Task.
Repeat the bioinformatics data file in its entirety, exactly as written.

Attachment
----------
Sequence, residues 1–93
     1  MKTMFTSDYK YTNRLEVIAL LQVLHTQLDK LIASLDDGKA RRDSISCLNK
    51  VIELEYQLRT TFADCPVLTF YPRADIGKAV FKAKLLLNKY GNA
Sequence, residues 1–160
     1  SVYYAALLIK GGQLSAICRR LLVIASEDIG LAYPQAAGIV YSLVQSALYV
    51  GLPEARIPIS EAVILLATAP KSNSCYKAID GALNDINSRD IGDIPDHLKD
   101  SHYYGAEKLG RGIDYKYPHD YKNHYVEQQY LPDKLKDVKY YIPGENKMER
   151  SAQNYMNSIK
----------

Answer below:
Sequence, residues 1–93
     1  MKTMFTSDYK YTNRLEVIAL LQVLHTQLDK LIASLDDGKA RRDSISCLNK
    51  VIELEYQLRT TFADCPVLTF YPRADIGKAV FKAKLLLNKY GNA
Sequence, residues 1–160
     1  SVYYAALLIK GGQLSAICRR LLVIASEDIG LAYPQAAGIV YSLVQSALYV
    51  GLPEARIPIS EAVILLATAP KSNSCYKAID GALNDINSRD IGDIPDHLKD
   101  SHYYGAEKLG RGIDYKYPHD YKNHYVEQQY LPDKLKDVKY YIPGENKMER
   151  SAQNYMNSIK